The Stranger by Albert Camus

Strange philosophical ideas

Albert Camus
The Stranger by Albert Camus is a super short novel, but its substance is heavy.  The main character, Meursault, unsympathetically attends his mother’s funeral, begins an immoral relationship with a female co-worker the next day, becomes involved in his debauched neighbor’s problems, and ends up murdering a man without reasonable motive.

The Stranger is appealing, specifically because it highlights philosophical ideas that express why we are where we are today as a society.  As much as I appreciated the opportunity to read The Stranger, I completely disagree with this philosophy.

To begin, Meursault is honest about the way he views everything; I value that.  But he does not seem human: he is without emotion or empathy; is animalistic in his thoughts; and is disconnected from people.  I wondered if he was not a little mentally challenged or childlike.  

I suppose his story would be acceptable if my speculations were true; but the problem is that this is his attitude.  He does not judge between what is right and what is evil.  He thinks society ineptly seeks logical meaning behind man’s behavior and purpose; yet, he thinks there is no explanation for either.  Society cannot know if there is truly a purpose to life; therefore, there is no reason to care.  Man is like nature, and nature does not care either. 

Grammar-Stage philosophy

A French classic
Meursault only scans the physical world around him.  It reminds me of grammar stage of reading, in which I focus only on main points of the plot or actions of characters - as a child would observe.  There is no deep reasoning or exploration.  So, too, this attitude claims that man can only observe the physical attributes of nature and man, but he cannot know anymore than that.  Meursault comes to the conclusion that life is really rather hopeless, not purposeful or meaningful.  We all die – what does it matter how or when?  All life is equally worthless.

A stranger among us

Meanwhile, society does not understand this, and hence, Meursault is like a stranger within our society.  Moral human beings grieve or love or feel empathy, and those who do not have feelings are odd - a danger to us.

The author tries to make the case that man is irrational for trying to make sense out of senselessness by proving how dangerous Meursault’s apathy is to society.  He does not follow a moral code; therefore he should be removed from society.  Hence, there is a hint of the idea that we should never judge the behavior of others because we cannot reason.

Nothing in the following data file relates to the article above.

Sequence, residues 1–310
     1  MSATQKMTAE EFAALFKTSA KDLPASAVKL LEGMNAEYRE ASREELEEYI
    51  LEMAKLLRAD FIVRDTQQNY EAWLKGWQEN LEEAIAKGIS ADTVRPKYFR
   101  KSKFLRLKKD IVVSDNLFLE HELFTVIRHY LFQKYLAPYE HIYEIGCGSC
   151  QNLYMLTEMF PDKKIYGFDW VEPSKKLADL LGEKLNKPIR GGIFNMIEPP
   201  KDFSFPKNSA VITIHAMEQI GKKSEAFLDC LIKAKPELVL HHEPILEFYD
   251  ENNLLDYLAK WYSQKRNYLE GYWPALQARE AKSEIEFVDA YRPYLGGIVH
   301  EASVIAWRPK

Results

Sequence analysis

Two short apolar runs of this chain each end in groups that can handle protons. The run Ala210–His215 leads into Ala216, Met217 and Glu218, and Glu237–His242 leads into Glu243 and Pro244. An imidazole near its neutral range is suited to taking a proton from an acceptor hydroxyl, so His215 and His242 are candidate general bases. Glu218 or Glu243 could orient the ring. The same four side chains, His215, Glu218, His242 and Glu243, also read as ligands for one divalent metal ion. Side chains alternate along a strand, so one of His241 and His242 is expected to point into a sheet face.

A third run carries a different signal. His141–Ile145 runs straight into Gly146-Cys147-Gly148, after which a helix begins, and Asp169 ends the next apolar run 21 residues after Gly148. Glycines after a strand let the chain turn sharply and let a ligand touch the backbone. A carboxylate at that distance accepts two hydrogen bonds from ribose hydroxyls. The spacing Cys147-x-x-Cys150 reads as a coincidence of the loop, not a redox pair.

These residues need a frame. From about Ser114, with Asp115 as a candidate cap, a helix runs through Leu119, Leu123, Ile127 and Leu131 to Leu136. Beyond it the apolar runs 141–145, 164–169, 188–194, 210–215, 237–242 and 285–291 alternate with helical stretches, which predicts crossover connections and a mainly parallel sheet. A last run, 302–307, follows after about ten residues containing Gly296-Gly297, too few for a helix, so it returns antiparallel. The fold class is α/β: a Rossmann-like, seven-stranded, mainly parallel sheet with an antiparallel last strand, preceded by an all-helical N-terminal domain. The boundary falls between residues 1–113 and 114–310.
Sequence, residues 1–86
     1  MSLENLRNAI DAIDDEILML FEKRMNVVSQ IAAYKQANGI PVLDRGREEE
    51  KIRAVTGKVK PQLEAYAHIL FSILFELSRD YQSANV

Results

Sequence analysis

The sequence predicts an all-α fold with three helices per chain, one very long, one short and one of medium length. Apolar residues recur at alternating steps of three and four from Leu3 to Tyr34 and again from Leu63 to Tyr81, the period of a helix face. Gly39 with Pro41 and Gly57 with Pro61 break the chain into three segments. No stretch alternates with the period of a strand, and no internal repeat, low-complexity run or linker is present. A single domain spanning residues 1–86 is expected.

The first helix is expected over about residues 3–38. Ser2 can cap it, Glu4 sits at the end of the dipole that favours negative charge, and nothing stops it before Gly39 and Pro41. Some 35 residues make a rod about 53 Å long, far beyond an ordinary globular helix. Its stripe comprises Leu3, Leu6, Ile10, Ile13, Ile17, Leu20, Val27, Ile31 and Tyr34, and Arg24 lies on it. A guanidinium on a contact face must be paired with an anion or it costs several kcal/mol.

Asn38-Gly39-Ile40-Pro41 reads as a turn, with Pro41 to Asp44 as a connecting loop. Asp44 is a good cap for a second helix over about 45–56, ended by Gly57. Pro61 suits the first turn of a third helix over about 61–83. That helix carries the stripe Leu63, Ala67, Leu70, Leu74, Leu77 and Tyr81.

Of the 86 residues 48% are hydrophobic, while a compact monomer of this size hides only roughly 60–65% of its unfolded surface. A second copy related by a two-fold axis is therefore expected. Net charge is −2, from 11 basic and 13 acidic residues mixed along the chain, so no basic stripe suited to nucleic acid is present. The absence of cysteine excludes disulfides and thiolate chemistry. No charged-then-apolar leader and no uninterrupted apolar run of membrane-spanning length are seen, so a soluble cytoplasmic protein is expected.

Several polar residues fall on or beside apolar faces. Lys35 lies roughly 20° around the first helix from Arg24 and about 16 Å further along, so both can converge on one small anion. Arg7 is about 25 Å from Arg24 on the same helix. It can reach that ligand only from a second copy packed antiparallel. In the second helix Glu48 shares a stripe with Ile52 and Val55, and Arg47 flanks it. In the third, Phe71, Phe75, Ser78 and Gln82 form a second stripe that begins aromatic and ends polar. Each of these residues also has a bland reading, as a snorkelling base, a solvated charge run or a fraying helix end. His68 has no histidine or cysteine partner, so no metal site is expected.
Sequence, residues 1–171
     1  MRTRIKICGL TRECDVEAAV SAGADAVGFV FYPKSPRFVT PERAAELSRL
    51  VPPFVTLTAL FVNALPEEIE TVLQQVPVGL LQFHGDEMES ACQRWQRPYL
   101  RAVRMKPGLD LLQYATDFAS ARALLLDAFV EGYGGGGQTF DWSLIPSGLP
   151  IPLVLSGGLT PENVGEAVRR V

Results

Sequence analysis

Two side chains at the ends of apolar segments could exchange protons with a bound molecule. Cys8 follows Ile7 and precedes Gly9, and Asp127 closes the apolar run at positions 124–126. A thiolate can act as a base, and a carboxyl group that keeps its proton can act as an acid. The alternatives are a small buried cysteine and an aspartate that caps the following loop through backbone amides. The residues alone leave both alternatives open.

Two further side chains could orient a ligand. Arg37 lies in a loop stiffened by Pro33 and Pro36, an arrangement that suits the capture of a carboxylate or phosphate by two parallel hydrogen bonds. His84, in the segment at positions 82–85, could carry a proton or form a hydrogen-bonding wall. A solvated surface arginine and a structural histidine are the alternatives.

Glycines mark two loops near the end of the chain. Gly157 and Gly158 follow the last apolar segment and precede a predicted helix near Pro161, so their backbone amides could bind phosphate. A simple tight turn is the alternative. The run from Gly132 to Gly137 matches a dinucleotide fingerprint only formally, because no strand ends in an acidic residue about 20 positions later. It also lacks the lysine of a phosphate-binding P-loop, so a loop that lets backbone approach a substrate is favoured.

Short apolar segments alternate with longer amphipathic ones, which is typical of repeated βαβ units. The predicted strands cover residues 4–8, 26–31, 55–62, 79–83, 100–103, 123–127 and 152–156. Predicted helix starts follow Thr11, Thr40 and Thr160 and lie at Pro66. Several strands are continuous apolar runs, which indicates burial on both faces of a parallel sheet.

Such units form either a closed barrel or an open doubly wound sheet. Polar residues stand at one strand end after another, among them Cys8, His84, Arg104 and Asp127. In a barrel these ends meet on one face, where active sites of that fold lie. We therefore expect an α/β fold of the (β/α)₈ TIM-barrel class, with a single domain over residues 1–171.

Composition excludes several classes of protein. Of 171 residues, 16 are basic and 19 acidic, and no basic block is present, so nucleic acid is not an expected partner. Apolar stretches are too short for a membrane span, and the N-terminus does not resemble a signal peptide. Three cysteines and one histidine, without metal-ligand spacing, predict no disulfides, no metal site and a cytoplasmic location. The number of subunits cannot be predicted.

Another soapbox

Our God is a God of order.
I cannot consent to any of this because I believe otherwise.  When I observe the natural world around me, I see a Creator who designed everything to work together in order and with purpose. Everything is integrated into life cycles, including man.  And as for man – he was created in the image and likeness of God. Man naturally has mood and emotion and does not need to be taught how to feel or react to life emotionally.  These are acts that separate us from animals.  

In addition, God created man capable of thinking rationally, logically, and deeply about the world.  Great minds have come before us and did not achieve greatness by being mind-numb imbeciles who never went beyond the grammar stage of their observations of life.  They have proven or reflected order and structure of the world and man’s purpose and significance within their works of religion, art, music, literature, medicine, science, and government.

Isn't “Judge not” judging?

This attitude displayed by Meursault is in the roots of today’s arrogances about morality being ambiguous or not judging others’ behaviors.  Man is called to judge sinfulness, immorality, and to recognize truth, and on and on.  Isn't Meursault also judging by assuming one is absurd for trying to make sense where there is none?  Society is meant to have a moral standard, and when society removes morality from behavior, then we are left with a lack of accountability and disorder, as was the case with Meursault expecting to get away with murder.

Man’s idea of hope is hopeless

Meursault expressed a feeling of hopelessness in life, and he only rids himself of the gloom once he admits his inevitable end. What does it matter if he dies now or in old age?  

This is irrational to me!

Here is his problem: he utterly rejects his only chance for real hope – and that is in forgiveness and salvation through Jesus Christ.  A few tried to save Meursault, but he chose to hold on to his own ideas about the world. 

The purpose of man: glorify God and enjoy Him forever.
The only true hope is in Christ; one in absolute despair can still experience fullness of life if he has the Truth.  This world can leave man totally empty and low, but if he has salvation through Christ, he will be full and complete and know what it is to have hope in this world.  His eyes are open to the Truth, and he will never fall for false doctrines of man, such as this philosophy that offers nothing but hopelessness and lies.

Absurdism is absurd

Finally, in my research I learned that this philosophy that Albert Camus practiced was called Absurdism, named for man’s absurd and futile attempt to make sense of the world and of human behavior; but I am certain that the only absurdity about it is how anyone could accept such nonsense.